Hong Kong’s yuan deposits declined for the first time in two years as expectations for short-term appreciation of the currency weakened, resulting in less remittances from cross-border transactions.
Savings denominated in the Chinese currency fell 0.6 percent to 618.5 billion yuan ($97 billion) at the end of October from a month before, according to a statement from the Hong Kong Monetary Authority. This year’s average monthly increase is 30.4 billion yuan.
“There’s a sudden switch away from the demand for offshore yuan,” said Daniel Hui, a Hong Kong-based senior currency strategist at HSBC Holdings Plc., which owns two of the city’s three biggest banks. “It’s more to do with global market conditions than a change in medium-term yuan appreciation expectations.”
The offshore yuan traded in Hong Kong has fallen 1.5 percent to 6.3930 per dollar since the end of September as European debt crisis sapped demand for emerging-market assets and Chinese export growth and inflation slowed. The offshore yuan has been weaker than the onshore rate in Shanghai for 10 weeks, according to data compiled by Bloomberg.
The modest decline in yuan deposits and trade settlement activities gave “some comfort” about the overall resilience of the offshore yuan market, Hui wrote in a report released today. He predicted a “sizeable decline” in October in an earlier report released Nov. 2.
The yuan traded in Shanghai fell 0.4 percent to 6.3789 per dollar in November, the biggest monthly decline since August 2010. Twelve-month non-deliverable forwards fell 0.5 percent this month to 6.3965, a 0.3 percent discount to the onshore rate.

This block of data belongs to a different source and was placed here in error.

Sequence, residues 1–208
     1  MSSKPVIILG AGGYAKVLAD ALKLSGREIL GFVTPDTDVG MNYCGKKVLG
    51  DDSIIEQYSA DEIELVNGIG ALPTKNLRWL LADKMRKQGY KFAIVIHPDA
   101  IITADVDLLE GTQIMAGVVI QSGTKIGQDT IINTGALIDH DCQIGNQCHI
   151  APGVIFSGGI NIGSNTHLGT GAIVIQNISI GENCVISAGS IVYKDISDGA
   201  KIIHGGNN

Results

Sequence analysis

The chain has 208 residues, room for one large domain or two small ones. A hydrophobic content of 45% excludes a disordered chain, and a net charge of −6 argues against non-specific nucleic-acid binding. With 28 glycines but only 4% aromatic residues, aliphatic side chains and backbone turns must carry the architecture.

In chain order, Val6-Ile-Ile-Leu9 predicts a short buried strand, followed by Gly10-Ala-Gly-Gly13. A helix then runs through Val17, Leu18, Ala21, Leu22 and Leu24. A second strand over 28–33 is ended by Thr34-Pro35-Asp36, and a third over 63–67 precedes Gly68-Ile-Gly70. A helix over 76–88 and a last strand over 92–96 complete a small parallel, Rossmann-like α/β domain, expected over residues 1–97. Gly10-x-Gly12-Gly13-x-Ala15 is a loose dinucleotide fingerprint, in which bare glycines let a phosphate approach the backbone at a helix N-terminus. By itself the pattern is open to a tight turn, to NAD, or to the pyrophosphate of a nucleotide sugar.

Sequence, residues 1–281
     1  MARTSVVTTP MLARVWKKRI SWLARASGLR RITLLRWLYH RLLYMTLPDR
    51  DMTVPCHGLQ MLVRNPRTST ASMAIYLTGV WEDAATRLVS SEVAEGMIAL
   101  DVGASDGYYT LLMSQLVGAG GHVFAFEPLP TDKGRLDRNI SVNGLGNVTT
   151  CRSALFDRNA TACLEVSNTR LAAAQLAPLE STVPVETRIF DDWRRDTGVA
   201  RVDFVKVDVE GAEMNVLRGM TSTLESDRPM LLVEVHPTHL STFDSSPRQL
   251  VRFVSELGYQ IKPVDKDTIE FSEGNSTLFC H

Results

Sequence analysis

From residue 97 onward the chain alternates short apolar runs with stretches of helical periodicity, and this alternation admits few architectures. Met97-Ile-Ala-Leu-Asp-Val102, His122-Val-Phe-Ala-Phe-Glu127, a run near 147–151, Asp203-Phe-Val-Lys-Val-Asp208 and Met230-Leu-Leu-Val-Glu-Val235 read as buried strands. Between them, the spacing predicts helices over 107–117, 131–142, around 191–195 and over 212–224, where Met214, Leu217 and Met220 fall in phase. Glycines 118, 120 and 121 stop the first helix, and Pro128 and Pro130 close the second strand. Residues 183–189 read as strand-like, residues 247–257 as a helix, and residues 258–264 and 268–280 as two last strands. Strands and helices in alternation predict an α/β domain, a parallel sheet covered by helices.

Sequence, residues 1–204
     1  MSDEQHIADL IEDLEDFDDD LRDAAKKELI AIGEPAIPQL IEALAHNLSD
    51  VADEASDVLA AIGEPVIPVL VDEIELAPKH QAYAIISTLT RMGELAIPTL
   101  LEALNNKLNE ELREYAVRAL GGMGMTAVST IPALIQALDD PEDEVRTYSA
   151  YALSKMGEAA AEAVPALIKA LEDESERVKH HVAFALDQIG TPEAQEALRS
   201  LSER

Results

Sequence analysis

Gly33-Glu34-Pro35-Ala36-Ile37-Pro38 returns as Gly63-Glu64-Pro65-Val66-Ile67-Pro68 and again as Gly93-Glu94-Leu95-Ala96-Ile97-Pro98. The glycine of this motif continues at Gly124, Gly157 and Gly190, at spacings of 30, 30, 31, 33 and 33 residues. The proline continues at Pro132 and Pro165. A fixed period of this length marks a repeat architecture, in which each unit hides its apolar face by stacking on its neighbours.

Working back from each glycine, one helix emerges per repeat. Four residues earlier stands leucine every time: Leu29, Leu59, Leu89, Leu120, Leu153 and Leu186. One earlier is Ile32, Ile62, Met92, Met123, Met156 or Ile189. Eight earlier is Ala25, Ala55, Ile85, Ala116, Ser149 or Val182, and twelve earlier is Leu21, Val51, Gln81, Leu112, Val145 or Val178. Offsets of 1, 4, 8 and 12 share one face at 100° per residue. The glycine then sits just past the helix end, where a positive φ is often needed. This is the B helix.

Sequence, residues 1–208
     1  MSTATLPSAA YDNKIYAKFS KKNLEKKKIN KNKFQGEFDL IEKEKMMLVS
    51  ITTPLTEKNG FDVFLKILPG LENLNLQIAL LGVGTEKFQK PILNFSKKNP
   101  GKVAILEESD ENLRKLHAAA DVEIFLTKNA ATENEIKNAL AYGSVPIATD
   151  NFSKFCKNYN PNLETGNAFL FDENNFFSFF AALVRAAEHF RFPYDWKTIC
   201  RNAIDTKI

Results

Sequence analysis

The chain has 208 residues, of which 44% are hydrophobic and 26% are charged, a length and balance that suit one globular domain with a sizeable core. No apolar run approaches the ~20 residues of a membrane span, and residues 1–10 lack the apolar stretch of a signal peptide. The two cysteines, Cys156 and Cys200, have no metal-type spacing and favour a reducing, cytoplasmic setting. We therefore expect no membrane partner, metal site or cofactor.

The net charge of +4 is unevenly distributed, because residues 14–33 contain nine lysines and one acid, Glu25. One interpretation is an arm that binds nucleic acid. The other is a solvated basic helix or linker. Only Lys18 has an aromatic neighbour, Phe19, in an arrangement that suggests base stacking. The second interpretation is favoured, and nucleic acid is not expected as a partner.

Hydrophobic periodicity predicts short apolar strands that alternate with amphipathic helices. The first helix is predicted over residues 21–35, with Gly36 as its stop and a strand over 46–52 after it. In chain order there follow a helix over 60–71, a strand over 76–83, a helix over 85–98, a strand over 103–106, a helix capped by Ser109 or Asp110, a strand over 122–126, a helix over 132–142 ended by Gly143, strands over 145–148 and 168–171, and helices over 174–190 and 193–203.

Yuan trade settlement is a major contributor to the build- up of the yuan deposit base in Hong Kong. The total value of remittances of the yuan-denominated cross-border trade settlement in October dropped 15 percent from a month ago, to 161.5 billion yuan, HKMA data show. That’s the lowest level since July.
“With the yuan being cheaper in Hong Kong, if you are a Chinese exporter or an offshore importer, you are incentivized to take the renminbi and remit it to China,” HSBC’s Hui said.
Corporate demand is expected to show only a “gradual” pickup and investors should only resume yuan purchases in Hong Kong once the “global risk environment” shows signs of sustainable improvement, he said.
Yuan deposits in the city have jumped more than 10-fold in the past two years from 57.3 billion yuan in October 2009, according to data from the authority, the city’s de-facto central bank.
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